Whether you call it a blogging birthday or an anniversary I just hit a big milestone. Feast Wisely turned five years old. I started this creative foodie outlet in January 2014 and almost 250 posts later my own diet has transitioned massively. I’ve gone from a meat based to a pretty much vegetarian or plant based diet – at the same time staying true to my Feast Wisely philosophy.
As Feast Wisely turns 5, I’ve been reflecting on what feasting wisely means to me – and how you can learn from the Mediterraneans who have long held a reputation for being wise with their feasting.
My Feast Wisely philosophy?
It’s all about indulging in food as one of life’s biggest pleasures but doing so in a way that’s good for your body and your mind. For me this means a diet packed with fresh produce and variety that’s low on animal products and sugar and free of processed foods. This doesn’t mean boring – feasting wisely means moderation and pleasure, not deprivation and pain. I guess I try as much as possible to live by this fantastic quote from Michael Pollan….
Don’t eat anything your great-grandmother wouldn’t recognise as food.
It’s a quote that I was thinking about when drooling over Jamie Oliver’s new cooking show based in Italy – Jamie Oliver and the Nonnas. Watching Jamie himself learn from Italian grandmothers and great-grandmothers is so inspiring (do check it out!). I love everything about the relationship the Italians have with food – it’s fresh, seasonal, local, mindful, social, generous and hearty.
3 ways to eat like the Mediterraneans
A few years ago a magazine article on the ltalian approach to feasting caught my attention. In ‘Eat like an Italian’ Susie Burrell, a nutritionist summarised what she learnt during a stint living with an Italian family. It’s an article I came across again recently sorting through a growing ‘reading material to keep’ pile.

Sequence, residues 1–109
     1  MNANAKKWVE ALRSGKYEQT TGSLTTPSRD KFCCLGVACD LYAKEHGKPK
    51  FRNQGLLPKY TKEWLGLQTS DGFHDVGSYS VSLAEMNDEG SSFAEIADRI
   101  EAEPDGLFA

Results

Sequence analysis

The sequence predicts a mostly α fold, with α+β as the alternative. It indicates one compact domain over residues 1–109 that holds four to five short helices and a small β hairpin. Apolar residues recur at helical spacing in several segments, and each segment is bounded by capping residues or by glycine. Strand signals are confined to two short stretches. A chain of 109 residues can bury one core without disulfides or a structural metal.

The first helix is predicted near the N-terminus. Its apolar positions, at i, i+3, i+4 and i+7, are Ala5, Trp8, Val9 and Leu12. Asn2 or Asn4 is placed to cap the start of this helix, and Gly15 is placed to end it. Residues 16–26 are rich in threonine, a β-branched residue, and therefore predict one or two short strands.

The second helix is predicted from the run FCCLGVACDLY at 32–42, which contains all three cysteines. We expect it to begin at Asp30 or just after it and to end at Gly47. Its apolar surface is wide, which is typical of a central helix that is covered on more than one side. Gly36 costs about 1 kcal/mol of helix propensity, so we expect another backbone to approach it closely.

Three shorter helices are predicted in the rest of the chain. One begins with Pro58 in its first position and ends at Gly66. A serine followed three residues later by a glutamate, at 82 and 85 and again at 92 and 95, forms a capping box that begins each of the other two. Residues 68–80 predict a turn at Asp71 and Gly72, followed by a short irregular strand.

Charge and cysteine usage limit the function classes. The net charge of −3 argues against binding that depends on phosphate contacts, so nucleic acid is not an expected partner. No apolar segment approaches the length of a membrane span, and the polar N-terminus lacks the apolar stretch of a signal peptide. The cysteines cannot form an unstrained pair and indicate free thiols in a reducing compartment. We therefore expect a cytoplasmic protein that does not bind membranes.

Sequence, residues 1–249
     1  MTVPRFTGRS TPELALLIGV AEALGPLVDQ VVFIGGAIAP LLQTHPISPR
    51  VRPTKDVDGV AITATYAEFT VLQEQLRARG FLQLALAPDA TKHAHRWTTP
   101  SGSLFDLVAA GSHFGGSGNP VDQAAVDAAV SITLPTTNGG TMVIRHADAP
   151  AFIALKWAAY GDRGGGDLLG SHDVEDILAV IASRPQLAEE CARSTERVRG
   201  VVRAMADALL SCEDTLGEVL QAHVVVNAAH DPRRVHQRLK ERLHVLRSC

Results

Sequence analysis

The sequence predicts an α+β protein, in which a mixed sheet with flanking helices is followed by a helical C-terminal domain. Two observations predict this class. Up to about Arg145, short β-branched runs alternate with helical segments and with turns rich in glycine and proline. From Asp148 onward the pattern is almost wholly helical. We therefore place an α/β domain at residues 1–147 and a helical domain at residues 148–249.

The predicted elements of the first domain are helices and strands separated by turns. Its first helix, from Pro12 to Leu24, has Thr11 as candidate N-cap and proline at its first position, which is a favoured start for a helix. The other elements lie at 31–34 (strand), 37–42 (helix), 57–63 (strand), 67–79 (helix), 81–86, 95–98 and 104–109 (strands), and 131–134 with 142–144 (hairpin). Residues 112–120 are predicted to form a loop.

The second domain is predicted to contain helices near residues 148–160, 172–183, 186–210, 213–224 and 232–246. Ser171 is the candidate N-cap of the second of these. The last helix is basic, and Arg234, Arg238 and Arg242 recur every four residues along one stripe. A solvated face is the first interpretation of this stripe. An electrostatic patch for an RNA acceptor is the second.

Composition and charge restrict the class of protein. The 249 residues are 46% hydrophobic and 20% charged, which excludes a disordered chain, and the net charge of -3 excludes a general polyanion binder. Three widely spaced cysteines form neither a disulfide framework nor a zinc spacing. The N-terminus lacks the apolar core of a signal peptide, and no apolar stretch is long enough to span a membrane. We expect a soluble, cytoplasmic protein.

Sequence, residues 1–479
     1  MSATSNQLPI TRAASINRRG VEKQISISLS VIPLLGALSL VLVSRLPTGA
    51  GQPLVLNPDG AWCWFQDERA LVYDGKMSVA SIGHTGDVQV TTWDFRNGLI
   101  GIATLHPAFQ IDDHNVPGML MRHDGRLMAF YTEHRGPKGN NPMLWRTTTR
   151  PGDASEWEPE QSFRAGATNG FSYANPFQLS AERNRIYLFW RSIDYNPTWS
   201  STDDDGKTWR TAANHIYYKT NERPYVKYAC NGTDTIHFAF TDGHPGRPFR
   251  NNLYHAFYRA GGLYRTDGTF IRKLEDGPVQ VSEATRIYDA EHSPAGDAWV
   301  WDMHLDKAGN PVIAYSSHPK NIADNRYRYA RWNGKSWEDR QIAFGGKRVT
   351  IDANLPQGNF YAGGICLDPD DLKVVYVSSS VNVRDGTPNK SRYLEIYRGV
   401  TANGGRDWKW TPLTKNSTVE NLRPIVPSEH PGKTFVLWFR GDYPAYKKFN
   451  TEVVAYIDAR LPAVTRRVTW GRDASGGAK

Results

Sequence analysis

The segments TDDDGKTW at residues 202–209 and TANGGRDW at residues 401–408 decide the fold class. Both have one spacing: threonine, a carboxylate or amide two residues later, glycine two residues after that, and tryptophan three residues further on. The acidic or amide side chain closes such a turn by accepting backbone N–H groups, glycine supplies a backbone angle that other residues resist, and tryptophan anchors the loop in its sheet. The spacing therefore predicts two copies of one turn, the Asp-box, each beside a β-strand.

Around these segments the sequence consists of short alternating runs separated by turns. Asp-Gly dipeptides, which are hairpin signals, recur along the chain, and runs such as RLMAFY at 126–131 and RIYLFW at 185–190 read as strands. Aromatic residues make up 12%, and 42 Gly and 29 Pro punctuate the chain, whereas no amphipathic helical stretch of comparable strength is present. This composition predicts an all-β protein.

Here, taking inspiration from Susie, I wanted to share three key things we can learn not just from the Italians, but from the relationship the Mediterraneans overall have with food. The photos come straight from the pages of one of my many Italian cook books – Bill’s Italian Food by Bill Granger…..
1. Make dinner at the table a daily ritual
The whole family should eat the same food at the same time around the table – without distractions from the TV or gadgets. It takes the meaning of dinner beyond just food – instead it becomes precious time for sharing and laughter. I recently met a lady who spoke proudly of her family’s daily ritual – over dinner she asks each of her children to talk about the best and the worst thing that happened to them during the day. I love this idea as a simple way of connecting over food. And, if a daily family table gathering sounds too ambitious, start small and aim for a few evenings a week.
2. Live by the values of simple, quality, fresh
Cook simple food, with quality fresh ingredients. Banish anything processed, take-away and sugar laden. It’s not that hard. Firstly scale back your pantry to healthy essentials like tinned tomatoes, dried legumes, spices and vinegar. Then change your shopping behaviour – read every label and stay clear of anything with added sugar, vegetable oils and strangely named additives.
Remember, the values of simple, quality and fresh don’t mean resigning yourself to boring food. As Susie learnt from living with Italians – ‘even the plainest food could be turned into taste sensations with just a few simple ingredients’. Ingredients like tomatoes, olive oil, chilli flakes, garlic and (my top pick) Parmesan.
3. Be mindful – stop, be present, slow down
Too often we eat in a hurry or when distracted or multi-tasking – too often I see people rushing on-the-go or scrolling on their phones and mindlessly stuffing down food at the same time. If you do this it’s hard to truly appreciate what your’re putting into your body. To be mindful with food we need to slow down – and not just over the dinner table, but at breakfast and lunch too. This means being still, free of distractions and chewing properly. By savoring each bite we feel more satisfied (and our digestive systems will thank us for it).
The Mediterraneans do this perfectly. As Bill Granger says in his cook book that I’ve showcased here:
The Italians…don’t suck coffee from disposable sippy-cups on the bus; they lean against marble bars and drink tiny grown-up espressos. They don’t dash down take-away burgers over computer keyboards; they unwrap paper parcels of spiced salami or creamy cheese in shaded parks…
So, can you be a little more Mediterranean?